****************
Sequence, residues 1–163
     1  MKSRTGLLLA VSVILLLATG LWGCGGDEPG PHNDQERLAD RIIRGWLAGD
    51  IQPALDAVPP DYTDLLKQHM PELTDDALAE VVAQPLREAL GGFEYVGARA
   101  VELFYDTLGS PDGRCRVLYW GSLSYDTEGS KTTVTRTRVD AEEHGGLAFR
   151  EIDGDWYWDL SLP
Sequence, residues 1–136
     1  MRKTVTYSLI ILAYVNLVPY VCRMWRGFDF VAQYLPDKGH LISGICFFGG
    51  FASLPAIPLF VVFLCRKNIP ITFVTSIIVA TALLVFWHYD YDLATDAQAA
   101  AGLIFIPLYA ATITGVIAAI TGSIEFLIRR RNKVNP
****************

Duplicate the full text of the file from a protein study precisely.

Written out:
Sequence, residues 1–163
     1  MKSRTGLLLA VSVILLLATG LWGCGGDEPG PHNDQERLAD RIIRGWLAGD
    51  IQPALDAVPP DYTDLLKQHM PELTDDALAE VVAQPLREAL GGFEYVGARA
   101  VELFYDTLGS PDGRCRVLYW GSLSYDTEGS KTTVTRTRVD AEEHGGLAFR
   151  EIDGDWYWDL SLP
Sequence, residues 1–136
     1  MRKTVTYSLI ILAYVNLVPY VCRMWRGFDF VAQYLPDKGH LISGICFFGG
    51  FASLPAIPLF VVFLCRKNIP ITFVTSIIVA TALLVFWHYD YDLATDAQAA
   101  AGLIFIPLYA ATITGVIAAI TGSIEFLIRR RNKVNP